Longstanding Partnership with Microsoft Enables P&G to Increase its Operational and Sustainability Ambitions

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By Michael Larner | 3Q 2022 | IN-6593

Proctor & Gamble (P&G) is looking to Microsoft to help improve the performance of its equipment and products, as well as contribute to its goal of becoming carbon neutral.

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Partnership Does Not Lack Ambition


Procter & Gamble (P&G), the owner of eponymous consumer brands, such as Charmin, Gillette, Head & Shoulders, Lenor, and Pampers, announced on June 8, 2022 a wide-ranging partnership with Microsoft that looks to upgrade the digital manufacturing capabilities at its factories around the world by expanding the use of Microsoft Azure, Artificial Intelligence (AI), and the Industrial Internet of Things (IIoT) at the facilities. In particular, the firms will work on improving productivity, quality levels, and sustainability, as well as reducing costs. 

Optimizing Operations with Edge and Analytics


P&G is looking to align people, equipment, assets, workflows, and business processes (in other words, the carpeted and non-carpeted areas of the business) to provide the company with operational resiliency and, ultimately, increased sales and profits.

The first priority is to use Microsoft Azure to digitize and integrate data from more than 100 manufacturing sites around the world (an extremely ambitious undertaking) and then enhance the data with AI, Machine Learning (ML) and edge computing services to deliver real-time visibility into the operations. The visibility will build resiliency into the firm’s operations by supporting predictive maintenance of equipment and optimizing production with the goal of minimizing the human touch points.

Pilot projects already under way concern the production of baby care and paper products. P&G factories in Egypt, India, Japan, and the United States are using Azure IoT Hub and IoT Edge to reduce the time required for manufacturing technicians to analyze insights and recommend improvements. The analysis covers making sure production levels match demand and quality requirements. In the case of paper towels, the technicians need to understand the factors affecting the length of paper towels produced to ensure they can fit the packaging correctly and for baby diapers to ensure absorption, leak protection, and comfort.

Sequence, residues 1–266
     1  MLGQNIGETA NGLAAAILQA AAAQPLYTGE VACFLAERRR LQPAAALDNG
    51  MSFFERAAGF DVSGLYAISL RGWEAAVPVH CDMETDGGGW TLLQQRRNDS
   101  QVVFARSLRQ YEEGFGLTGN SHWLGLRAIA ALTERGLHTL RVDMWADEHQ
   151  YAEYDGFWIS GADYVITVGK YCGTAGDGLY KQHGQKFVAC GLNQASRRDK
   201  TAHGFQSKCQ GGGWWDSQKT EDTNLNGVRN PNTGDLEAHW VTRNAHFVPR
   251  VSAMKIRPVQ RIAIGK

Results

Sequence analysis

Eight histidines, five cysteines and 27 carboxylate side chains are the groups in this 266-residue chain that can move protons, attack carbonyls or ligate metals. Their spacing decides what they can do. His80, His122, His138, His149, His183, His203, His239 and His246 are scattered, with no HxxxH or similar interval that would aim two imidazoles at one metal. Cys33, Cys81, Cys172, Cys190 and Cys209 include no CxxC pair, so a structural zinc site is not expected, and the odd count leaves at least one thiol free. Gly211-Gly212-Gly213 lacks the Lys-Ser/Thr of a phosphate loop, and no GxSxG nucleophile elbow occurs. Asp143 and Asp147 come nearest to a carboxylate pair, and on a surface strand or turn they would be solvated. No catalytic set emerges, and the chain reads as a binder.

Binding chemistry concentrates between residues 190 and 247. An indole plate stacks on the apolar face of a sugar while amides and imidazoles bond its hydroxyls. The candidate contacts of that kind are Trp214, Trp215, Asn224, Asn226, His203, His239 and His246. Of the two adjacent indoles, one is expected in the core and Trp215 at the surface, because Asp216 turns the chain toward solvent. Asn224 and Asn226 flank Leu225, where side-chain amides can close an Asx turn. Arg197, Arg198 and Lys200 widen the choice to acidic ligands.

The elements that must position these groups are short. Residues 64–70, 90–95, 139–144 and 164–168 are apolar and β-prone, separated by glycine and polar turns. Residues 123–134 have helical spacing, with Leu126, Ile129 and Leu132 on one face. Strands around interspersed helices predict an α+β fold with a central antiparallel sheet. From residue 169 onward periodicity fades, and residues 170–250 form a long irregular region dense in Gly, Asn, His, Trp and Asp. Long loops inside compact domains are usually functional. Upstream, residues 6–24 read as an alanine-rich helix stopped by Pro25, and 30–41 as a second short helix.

In terms of the IIoT, P&G plans to incorporate data collected, via machine telemetry, from sensors on the manufacturing line with algorithms, ML, and predictive analytics. The objective being to improve manufacturing efficiencies by providing early detection and prevention of potential defects to reduce scrap levels and equipment downtime, improving quality and productivity. Furthermore, the Microsoft Azure platform will deliver event summary data concerning production runs, downtime, and changeovers times.

It is hoped that deploying Microsoft Azure, AI, and the IIoT will underpin P&G’s efforts to accommodate volatility in consumer demand, the availability of ingredients and raw materials, and supply chain pressures.

Setting up for Success


P&G’s data integration strategy is rare in the consumer goods market because many other large consumer goods firms, such as Unilever and PepsiCo, operate as an owner of a brand portfolio with marketing being the key focus and production the focus of the individual brand units. By looking to have an overarching data infrastructure to support production optimization, P&G will need to reconcile the diverse types of equipment and Original Equipment Manufacturers (OEMs) present in the manufacturing facilities, standardize on data collection protocols, and make sure the data collected are compatible. All these issues will need to be resolved for projects to operate at scale.

But P&G has many company-wide sustainability projects that can only be achieved by taking a holistic approach, such as optimizing energy and water consumption across its plants to reduce the firm’s carbon footprint as part of the company’s 2040 carbon neutrality goal. One example is using data analytics to identify opportunities to improve energy efficiency of the paper machines in the Family Care division. Another is reducing water extraction by the manufacturing facilities and the amount of water required when using P&G’s products, especially in water-stressed areas, such as Los Angeles and Mexico City.

A critical step to support data integration and scale the projects across the company is the establishment of a Digital Enablement Office (DEO), which is staffed with experts from both P&G and Microsoft. The intention is for the DEO to work on high-priority manufacturing and packaging processes that need to be implemented across P&G.

Manufacturers need to have a long-term vision to achieve their lofty ambitions. In addition, it takes time for the benefits from digital transformation to accrue. P&G has taken and continues to take its time in underpinning its corporative objectives with digital technologies, the partnership with Microsoft is the result of the firms collaborating over a 4-year period.